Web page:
BAINGAN (Badanekaayi/Eggplant) BHARTHA

Beauty of an accompaniment embraced equally well by rotis or rice. A delightful dish made with Brinjal, cooked or roasted, peeled and mashed making it awesomely aromatic; cooked tomatoes making it tangy; ginger, garlic making it gently pungent; spice powders making it spicier and onions marking a broad baseline of sweet and earthy flavour. The term “Bhartha” is used when ingredients are mashed roughly either before or after the dish is done. Baingan (also known as Badanekaayi, Brinjal, Eggplant, Aubergine, Guinea Squash, Melanzane, Melongene, Garden Egg) is a low calorie vegetable. Antioxidants present in the vegetable keeps the arteries healthy and prevents heart attack. Being rich in fibre, it helps clear toxins from the digestive tract, prevents colon cancer and prevents overeating since even a small serving makes one feel full. Its high water content also flushes the toxins away….making your skin glow the fairy way!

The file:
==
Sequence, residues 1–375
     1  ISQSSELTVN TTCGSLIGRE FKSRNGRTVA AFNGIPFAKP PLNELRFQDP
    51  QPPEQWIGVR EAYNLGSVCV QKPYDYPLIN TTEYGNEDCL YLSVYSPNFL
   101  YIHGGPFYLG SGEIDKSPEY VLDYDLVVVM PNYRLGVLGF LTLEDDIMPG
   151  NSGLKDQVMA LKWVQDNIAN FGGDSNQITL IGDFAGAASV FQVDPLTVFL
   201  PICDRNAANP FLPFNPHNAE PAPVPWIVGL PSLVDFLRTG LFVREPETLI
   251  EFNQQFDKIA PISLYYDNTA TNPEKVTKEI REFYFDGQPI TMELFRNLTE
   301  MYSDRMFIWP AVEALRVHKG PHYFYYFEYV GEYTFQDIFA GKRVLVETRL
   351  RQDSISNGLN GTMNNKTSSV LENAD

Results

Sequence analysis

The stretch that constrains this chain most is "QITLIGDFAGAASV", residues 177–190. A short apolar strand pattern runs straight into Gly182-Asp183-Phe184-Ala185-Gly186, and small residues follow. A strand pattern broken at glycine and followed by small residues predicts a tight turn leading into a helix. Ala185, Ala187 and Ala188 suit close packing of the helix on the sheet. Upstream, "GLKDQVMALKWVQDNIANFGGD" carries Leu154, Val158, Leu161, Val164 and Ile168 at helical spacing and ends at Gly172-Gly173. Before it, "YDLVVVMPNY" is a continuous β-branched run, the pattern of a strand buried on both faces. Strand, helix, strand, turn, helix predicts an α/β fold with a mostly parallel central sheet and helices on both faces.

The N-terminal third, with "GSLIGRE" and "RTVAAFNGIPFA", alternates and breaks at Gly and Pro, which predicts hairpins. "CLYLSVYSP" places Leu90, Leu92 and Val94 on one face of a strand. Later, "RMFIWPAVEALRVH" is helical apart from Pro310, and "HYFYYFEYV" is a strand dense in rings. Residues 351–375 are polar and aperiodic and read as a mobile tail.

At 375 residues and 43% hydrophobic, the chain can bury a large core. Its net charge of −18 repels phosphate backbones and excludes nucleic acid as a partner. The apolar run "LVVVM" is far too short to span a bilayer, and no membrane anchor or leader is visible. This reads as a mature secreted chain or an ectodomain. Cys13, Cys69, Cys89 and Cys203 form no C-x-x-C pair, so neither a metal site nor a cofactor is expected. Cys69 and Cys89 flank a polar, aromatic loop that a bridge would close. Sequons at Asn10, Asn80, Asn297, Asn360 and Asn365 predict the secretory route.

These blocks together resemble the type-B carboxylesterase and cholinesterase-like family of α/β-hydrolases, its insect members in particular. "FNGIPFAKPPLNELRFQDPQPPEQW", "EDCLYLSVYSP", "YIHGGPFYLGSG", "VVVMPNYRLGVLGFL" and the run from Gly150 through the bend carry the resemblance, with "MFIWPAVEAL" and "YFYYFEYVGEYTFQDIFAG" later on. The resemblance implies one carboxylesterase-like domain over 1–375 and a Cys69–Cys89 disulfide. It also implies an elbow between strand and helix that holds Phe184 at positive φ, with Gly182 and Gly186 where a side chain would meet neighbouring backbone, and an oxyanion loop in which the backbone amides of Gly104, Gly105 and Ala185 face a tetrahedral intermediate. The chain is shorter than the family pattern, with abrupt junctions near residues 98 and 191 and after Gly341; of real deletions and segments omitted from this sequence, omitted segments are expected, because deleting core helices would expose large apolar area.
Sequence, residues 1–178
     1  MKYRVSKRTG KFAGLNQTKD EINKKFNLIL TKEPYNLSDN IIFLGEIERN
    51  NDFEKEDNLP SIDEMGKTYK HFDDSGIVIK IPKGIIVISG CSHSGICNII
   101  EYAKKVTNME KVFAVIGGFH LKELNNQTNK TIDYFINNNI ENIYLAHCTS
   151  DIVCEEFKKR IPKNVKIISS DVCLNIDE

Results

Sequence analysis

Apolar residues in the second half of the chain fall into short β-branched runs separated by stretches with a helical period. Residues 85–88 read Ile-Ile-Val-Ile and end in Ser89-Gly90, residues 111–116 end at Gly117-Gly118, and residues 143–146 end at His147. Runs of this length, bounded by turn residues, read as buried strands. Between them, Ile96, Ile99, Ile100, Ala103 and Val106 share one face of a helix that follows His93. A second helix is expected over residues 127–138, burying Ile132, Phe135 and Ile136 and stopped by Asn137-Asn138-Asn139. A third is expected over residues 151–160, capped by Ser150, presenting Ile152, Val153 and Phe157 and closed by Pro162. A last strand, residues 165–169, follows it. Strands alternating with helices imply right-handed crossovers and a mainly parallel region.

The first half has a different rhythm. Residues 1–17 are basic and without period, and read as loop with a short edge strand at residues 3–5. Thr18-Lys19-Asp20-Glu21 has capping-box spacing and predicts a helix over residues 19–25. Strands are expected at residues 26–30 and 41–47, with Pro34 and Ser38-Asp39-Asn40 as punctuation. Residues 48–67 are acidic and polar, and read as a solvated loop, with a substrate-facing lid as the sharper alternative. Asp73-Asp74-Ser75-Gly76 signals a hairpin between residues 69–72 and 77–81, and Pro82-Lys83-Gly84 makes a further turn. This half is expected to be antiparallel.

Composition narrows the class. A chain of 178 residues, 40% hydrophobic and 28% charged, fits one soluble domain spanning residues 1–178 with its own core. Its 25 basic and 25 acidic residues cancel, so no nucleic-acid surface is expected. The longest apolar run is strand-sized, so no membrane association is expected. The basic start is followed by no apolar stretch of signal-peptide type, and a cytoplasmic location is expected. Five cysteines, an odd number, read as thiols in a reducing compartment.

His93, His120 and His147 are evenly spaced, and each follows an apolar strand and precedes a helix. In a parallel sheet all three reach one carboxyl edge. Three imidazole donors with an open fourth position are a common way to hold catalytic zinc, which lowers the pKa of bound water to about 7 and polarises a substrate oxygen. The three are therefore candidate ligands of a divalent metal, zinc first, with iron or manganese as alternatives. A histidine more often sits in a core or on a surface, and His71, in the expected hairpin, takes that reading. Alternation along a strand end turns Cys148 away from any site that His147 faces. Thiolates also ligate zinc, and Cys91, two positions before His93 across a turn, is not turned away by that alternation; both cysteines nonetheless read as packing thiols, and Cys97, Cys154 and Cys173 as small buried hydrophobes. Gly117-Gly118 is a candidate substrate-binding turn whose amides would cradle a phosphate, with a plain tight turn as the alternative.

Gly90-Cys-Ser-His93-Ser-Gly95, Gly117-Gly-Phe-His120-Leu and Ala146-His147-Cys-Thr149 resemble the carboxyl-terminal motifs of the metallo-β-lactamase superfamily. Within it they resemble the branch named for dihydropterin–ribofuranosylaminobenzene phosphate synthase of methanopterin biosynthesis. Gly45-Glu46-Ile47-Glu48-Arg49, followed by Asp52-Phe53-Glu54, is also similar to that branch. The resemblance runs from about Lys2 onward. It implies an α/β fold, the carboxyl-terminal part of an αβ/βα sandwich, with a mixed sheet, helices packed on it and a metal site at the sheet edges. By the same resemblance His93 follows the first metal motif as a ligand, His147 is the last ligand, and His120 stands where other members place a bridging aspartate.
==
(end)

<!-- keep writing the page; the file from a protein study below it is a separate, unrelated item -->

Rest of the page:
Dish Type:  Indian Vegetarian Curry BB 3 copy

Preparation Time:  10 min

Cooking time:  20 min

Serves:  2 persons


Brinjal                         1 no. (purple coloured, big size, round variety)

Oil                               1 tbsp

Cumin seeds                ½ tsp

Onions                         4 nos.

Tomato                        2 nos.

Ginger Garlic paste     1 tsp

Coriander powder       1 tsp

Cumin powder            1 tsp

Chilli powder               1 tsp

Masala powder           A pinch

Turmeric powder        A pinch

Salt to taste                 2 tbsps. approx.

Coriander leaves         1 tbsp (fine chopped)